Wateree people

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The Wateree were a Native American tribe in the interior of the present-day Carolinas. They belonged to the Siouan-Catawba language family. First encountered by the Spanish in 1567 in western North Carolina, they migrated to the southeast by 1700, where English colonists noted them. They had settled along the Wateree River near what has become present-day Camden, South Carolina. Originally a large tribe, they were diminished by the Yamasee War of 1715 and became extinct as a tribe by the end of the century.

History[edit]

They were recorded in 1567 by Spanish captain Juan Pardo's scribe Juan de la Bandera during their expedition through the interior of the Carolinas. Bandera called them the Guatari in his journal, which was also given as the name of their village.[1] Bandera described them as ruled by two female chiefs.[2]

From what little is known, scholars believe the Wateree were a Siouan-language tribe, an outlier of the much larger language group of peoples whose territories were by then centered on the Great Plains of North America. The Wateree were believed to have spoken Siouan–Catawban languages. The name Wateree may come from Catawban wateran, "to float on the water."[2]

The Spaniards noted that Guatari was far from the coast. The settlement is believed to have been in present-day Rowan County, North Carolina. In 1670, English colonists and explorers mentioned the Wateree as inhabiting the area of the upper Yadkin River, to the northwest of their later habitat.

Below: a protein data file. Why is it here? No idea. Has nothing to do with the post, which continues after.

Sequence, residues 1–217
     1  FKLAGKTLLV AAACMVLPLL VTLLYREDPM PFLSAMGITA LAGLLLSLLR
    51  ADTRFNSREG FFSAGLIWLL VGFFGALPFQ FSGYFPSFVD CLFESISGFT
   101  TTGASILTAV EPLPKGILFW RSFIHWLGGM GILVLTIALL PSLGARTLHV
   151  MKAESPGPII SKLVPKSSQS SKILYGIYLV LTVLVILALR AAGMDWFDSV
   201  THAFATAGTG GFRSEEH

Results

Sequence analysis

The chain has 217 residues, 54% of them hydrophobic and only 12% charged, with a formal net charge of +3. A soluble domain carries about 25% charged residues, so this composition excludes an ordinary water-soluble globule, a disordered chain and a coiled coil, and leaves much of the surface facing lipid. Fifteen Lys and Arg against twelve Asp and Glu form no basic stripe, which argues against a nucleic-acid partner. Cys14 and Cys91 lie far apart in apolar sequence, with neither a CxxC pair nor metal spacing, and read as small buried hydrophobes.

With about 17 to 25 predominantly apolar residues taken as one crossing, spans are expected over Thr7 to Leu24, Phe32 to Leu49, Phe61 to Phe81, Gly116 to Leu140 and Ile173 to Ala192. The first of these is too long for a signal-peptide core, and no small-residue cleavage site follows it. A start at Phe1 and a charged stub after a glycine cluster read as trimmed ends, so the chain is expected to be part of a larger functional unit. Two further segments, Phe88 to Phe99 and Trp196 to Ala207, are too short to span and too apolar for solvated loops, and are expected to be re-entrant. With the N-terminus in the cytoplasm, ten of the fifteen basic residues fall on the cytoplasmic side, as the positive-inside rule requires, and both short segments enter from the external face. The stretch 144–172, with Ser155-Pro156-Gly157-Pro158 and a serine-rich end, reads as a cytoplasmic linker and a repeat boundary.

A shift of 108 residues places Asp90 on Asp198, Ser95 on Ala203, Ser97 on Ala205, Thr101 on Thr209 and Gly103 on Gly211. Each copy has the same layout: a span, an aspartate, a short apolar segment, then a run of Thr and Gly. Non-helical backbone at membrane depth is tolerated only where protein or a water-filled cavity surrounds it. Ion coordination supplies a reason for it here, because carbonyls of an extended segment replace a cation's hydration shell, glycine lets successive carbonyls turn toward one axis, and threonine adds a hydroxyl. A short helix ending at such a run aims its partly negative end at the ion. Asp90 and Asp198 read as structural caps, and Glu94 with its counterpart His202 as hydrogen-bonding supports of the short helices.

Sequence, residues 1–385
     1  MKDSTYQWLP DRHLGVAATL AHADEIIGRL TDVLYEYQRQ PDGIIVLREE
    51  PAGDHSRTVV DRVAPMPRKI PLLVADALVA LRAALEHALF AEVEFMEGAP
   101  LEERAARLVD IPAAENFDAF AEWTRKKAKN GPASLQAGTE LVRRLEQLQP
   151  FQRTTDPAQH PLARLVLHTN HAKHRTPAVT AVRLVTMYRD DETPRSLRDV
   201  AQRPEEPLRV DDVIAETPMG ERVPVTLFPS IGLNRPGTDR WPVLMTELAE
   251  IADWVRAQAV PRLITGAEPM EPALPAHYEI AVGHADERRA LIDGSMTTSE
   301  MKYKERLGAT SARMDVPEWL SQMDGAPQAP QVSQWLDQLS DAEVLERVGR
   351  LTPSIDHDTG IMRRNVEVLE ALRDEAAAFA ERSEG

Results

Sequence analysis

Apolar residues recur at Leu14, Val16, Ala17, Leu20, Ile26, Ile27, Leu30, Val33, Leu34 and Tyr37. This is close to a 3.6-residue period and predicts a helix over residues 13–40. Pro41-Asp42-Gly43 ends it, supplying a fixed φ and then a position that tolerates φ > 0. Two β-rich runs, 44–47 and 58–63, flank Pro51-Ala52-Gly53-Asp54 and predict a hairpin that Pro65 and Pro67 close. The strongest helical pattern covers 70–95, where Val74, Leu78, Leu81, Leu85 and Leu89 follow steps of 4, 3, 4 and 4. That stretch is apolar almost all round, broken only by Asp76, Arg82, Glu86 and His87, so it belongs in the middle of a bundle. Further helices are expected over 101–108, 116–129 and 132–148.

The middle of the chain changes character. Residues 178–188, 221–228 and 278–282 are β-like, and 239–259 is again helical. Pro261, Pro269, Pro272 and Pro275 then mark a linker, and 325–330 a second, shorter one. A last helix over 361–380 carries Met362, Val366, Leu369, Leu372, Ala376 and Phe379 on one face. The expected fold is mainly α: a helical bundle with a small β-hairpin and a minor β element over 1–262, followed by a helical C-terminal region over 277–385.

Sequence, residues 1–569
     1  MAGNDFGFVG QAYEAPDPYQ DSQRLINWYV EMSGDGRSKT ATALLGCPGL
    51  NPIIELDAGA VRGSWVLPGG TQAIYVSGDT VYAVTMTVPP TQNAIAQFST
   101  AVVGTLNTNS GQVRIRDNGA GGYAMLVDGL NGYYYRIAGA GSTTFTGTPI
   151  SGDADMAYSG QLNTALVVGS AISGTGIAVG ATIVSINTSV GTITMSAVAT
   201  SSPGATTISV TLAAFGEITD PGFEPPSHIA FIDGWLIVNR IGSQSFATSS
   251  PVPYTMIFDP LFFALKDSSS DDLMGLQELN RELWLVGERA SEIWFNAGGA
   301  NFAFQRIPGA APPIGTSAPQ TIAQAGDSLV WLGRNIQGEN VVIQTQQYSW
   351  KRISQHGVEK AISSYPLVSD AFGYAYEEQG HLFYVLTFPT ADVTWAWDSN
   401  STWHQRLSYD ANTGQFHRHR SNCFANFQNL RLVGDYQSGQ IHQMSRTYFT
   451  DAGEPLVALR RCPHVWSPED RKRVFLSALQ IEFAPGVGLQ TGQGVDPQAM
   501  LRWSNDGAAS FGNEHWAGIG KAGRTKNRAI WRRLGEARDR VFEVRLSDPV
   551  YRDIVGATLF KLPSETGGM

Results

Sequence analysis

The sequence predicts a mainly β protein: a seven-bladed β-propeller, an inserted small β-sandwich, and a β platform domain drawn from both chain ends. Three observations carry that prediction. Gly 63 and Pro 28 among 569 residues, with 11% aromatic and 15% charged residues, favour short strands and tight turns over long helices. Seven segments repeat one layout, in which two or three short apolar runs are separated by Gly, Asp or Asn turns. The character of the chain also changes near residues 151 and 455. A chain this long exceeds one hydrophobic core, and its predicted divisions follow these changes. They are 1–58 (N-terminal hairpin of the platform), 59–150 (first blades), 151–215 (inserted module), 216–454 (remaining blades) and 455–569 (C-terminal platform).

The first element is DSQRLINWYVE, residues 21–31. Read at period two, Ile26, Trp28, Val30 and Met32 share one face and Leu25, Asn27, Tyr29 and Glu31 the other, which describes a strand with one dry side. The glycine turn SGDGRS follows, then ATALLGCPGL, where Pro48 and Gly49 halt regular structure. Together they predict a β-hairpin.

By 1700, when observed by John Lawson's English expedition, the Wateree had migrated south to settle near present-day Camden, South Carolina along the Wateree River.[2] The Europeans observed that the chiefs of the Wateree had a higher degree of power than those of other Indian tribes of the region. Originally a large tribe, the Wateree had their power broken during the Yamasee War of 1715 against Carolina colonists. The Wateree became allies in a tribal confederation dominated by the Catawba. The latter tribe absorbed remnant bands of many other tribes of the region from the chaos of intertribal fighting.[2]

"James Adair heard more than twenty different languages spoken by the Indians in the Catawba River settlements when he trade there between 1736 and 1743. This included Eno, Cheraw, Wateree, Congaree, Natchez, Yamasee, Coosah, and others. He could probably have added Saponi, Waccamaw, Pedee, Santee and others to his list. The groups varied in size. If large enough, each language tribe tended to create its own village and appoint its own leaders." [3]

The Wateree appeared to have been able to maintain their culture and distinct language as late as 1744. A record of land sale noted that Wateree Indians sold to a white man. The tribe as a group culture has become extinct, but some present-day Catawba are likely genetic descendants of the Wateree.

Citations[edit]

  1. ^ Catherine Clabby, "Dig finds evidence of Spanish fort", News Observer, 1 Aug 2004, accessed 26 Jun 2008
  2. ^ a b c d "Wataree Indian Tribe History", Access Genealogy, Indian Tribal Records, from Handbook of American Indians, 1906, accessed 13 Mar 2009
  3. ^ James Hart Merrell, The Indians' New World: Catawbas and Their Neighbors from European Contact through the Era of Removal, Chapel Hill: University of North Carolina Press, 1989. p.110

References[edit]

  • "Wateree Native American Indians from South Carolina", SCIway.net
  • Hodge, Frederick W. Handbook of North American Indians. Washington, DC.: Government Printing Press, 1910.
  • Mooney, James. Siouan Tribes of the East. Washington, DC.: Government Printing Press, 1894.
  • Swanton, John R. The Indian Tribes of North America. Washington, DC: Smithsonian Institution Press, 1952; reprint, 1984, pp. 90–92.